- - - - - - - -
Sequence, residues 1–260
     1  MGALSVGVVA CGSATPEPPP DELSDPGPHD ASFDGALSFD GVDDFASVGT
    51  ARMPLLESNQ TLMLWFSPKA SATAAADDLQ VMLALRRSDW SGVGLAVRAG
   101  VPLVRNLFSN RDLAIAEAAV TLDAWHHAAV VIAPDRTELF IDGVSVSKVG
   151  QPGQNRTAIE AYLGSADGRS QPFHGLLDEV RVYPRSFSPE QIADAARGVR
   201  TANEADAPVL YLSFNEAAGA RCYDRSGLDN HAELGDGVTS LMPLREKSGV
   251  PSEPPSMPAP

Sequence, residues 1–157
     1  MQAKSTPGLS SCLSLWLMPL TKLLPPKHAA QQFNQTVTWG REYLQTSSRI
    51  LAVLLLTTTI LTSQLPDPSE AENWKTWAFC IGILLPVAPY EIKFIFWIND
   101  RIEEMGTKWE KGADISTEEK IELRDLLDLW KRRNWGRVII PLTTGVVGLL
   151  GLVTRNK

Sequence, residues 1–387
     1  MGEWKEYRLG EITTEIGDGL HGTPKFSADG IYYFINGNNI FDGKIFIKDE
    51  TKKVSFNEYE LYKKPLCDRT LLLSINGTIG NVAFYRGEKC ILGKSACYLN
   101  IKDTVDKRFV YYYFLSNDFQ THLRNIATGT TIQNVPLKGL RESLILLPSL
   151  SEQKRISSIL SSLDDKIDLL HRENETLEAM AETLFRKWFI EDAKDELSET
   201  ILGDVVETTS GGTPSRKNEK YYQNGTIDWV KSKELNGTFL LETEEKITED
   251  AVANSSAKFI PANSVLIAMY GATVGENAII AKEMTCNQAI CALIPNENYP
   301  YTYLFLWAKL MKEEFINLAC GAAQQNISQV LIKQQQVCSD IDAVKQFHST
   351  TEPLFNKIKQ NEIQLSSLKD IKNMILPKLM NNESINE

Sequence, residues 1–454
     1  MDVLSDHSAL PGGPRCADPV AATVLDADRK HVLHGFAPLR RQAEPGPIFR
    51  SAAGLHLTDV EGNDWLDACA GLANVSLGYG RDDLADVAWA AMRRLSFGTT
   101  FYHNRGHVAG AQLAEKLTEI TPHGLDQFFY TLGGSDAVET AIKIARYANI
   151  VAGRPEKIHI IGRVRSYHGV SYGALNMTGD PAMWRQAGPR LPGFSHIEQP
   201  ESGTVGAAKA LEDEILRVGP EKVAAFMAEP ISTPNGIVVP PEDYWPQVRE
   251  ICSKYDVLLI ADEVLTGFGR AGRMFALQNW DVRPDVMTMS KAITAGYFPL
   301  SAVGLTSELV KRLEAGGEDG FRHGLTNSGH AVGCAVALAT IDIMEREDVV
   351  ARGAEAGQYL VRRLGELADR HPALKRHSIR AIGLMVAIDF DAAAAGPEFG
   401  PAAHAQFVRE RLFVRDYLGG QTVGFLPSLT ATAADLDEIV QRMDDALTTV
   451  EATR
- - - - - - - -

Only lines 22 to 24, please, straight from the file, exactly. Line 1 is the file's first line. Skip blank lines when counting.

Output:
Sequence, residues 1–454
     1  MDVLSDHSAL PGGPRCADPV AATVLDADRK HVLHGFAPLR RQAEPGPIFR
    51  SAAGLHLTDV EGNDWLDACA GLANVSLGYG RDDLADVAWA AMRRLSFGTT